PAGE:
The University of Iowa

Iowa City Downtown Historic Preservation Initiative

Planning Students tour Downtown Iowa City
Academic Year 
2019-2020
College/Department 
Planning & Public Affairs
Project Partner 

As part of their capstone project, second-year graduate students from the School of Urban & Regional Planning assessed current community interests, planning tools, and environmental needs to develop strategies for aligning preservation of Iowa City's unique historic downtown architecture with other community values. 

Iowa City has an active downtown with rich historic character and a diversity of building types, new and old. A number of buildings in the downtown are listed in the National Register of Historic Places (NRHP). While a NRHP listing offers minimal protection to these structures, it does incentivize historic rehabilitation and conservation to retain the historic integrity of the community. Locally, cities have the authority to protect historic buildings and areas through the creation of local historic landmarks and districts, which are typically regulated by adopted historic preservation guidelines. Local historic districts give local governments greater power to protect historic buildings, neighborhoods, and downtowns.

While local historic protection is based on the framework of national and state standards, these should be established in a way that protects the long-term viability of downtowns and neighborhoods and is supportive of other community goals.  The Standards are intentionally vague and do not directly address accessibility, property values, and other social values.

This report enriches understanding of historic preservation, especially as it is applied to  Iowa City’s downtown, and how that practice addresses, or fails to address, the shared values and needs of the community. This report establishes and delivers recommendations on how local preservation policies can be made to better address local needs—not just preservation needs, but also other needs, such as: environmental needs, including those pertaining to sustainability and climate change; accessibility, particularly for the disabled; community development and improvement; and affordable housing. These are key areas of broad concern identified by National Main Street Director Patrice Frey as related to but not usually underscored by historic preservation and its advocates.  She argues in a February 8, 2019 article in CityLab that preservation’s stock can be better supported by extending the conversation about preservation to include preservationists and those who primarily think about and advocate in each of these related areas.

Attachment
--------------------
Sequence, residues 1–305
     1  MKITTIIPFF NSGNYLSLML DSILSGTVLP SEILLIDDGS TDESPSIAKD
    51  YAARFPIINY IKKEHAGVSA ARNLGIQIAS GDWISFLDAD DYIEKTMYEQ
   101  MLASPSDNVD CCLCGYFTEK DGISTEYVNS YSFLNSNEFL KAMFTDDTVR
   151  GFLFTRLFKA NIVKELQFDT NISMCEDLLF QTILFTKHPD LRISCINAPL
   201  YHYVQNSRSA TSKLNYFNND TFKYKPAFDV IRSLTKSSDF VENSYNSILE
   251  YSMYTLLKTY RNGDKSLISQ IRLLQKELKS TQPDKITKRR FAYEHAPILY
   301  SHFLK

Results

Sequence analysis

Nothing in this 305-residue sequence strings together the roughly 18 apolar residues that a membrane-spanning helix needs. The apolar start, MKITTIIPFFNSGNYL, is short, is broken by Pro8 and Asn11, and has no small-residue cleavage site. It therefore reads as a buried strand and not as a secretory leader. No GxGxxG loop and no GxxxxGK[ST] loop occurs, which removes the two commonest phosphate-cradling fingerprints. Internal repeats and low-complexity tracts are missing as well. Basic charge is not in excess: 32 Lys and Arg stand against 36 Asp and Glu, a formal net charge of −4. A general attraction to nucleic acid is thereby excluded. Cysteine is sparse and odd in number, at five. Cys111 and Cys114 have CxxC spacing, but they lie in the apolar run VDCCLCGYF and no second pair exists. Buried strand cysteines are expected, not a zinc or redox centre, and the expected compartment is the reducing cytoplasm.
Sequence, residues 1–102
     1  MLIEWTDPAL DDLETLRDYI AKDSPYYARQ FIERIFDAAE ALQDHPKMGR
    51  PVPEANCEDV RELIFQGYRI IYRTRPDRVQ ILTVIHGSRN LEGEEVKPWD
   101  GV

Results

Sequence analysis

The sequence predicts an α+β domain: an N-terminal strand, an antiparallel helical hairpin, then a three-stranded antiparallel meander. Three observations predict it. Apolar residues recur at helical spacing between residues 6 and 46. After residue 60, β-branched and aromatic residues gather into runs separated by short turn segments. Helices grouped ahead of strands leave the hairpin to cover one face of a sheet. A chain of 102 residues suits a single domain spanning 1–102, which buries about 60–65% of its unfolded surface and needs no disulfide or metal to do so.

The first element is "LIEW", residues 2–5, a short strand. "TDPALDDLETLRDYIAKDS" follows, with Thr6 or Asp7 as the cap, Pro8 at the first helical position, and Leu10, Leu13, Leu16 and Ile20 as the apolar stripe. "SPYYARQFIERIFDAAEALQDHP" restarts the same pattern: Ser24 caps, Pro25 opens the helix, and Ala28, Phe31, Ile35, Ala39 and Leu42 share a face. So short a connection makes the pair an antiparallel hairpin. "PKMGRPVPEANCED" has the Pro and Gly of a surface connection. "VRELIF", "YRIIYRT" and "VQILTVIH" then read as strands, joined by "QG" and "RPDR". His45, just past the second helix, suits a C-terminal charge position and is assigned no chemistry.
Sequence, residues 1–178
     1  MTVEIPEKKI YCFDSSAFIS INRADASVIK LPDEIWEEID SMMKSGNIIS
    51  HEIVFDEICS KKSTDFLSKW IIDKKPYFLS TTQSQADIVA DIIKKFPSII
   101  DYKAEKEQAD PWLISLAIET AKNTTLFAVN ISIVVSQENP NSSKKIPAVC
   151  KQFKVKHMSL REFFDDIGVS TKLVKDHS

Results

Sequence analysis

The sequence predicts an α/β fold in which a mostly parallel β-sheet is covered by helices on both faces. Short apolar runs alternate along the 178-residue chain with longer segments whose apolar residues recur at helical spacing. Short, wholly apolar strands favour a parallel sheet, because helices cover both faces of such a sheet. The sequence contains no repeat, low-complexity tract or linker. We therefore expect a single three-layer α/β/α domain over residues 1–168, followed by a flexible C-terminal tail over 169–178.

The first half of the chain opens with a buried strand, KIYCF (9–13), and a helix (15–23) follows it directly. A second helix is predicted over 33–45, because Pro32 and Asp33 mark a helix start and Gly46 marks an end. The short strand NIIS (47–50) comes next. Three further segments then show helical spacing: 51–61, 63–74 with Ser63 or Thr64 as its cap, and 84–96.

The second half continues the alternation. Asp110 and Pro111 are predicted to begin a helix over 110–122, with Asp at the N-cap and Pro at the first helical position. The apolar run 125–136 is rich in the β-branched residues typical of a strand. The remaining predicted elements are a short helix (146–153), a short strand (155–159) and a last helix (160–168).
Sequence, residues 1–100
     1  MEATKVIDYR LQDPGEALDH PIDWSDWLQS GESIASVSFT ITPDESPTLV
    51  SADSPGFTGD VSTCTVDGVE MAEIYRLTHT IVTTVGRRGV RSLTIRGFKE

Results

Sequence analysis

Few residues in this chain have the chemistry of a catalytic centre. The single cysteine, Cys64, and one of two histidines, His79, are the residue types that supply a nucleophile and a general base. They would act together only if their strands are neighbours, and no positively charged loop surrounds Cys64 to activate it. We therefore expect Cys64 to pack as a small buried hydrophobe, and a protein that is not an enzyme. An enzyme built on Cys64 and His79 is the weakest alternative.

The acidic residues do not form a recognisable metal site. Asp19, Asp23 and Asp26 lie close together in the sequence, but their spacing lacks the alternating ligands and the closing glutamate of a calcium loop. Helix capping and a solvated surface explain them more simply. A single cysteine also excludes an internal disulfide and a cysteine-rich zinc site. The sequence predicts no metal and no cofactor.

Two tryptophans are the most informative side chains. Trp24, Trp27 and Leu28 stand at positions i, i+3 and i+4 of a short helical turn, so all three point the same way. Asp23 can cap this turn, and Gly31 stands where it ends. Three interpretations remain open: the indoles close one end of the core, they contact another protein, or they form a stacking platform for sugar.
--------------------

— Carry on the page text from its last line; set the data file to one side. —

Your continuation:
The planning team's recommendations are based on studying and summarizing the underlying principles of historic preservation, reviewing state and federal guidelines, and conducting stakeholder interviews with community leaders, policy makers, building owners, and business owners and then drawing conclusions based on the objective of exploring the value of historic preservation in downtown Iowa City beyond the protection of older buildings  In particular, they recommend that careful thought be given to how downtown Iowa City represents not only the extant historic buildings in downtown Iowa City, but as the city center it represents the history of the various peoples who have lived or live now in Iowa City, even before Iowa City was incorporated under that name.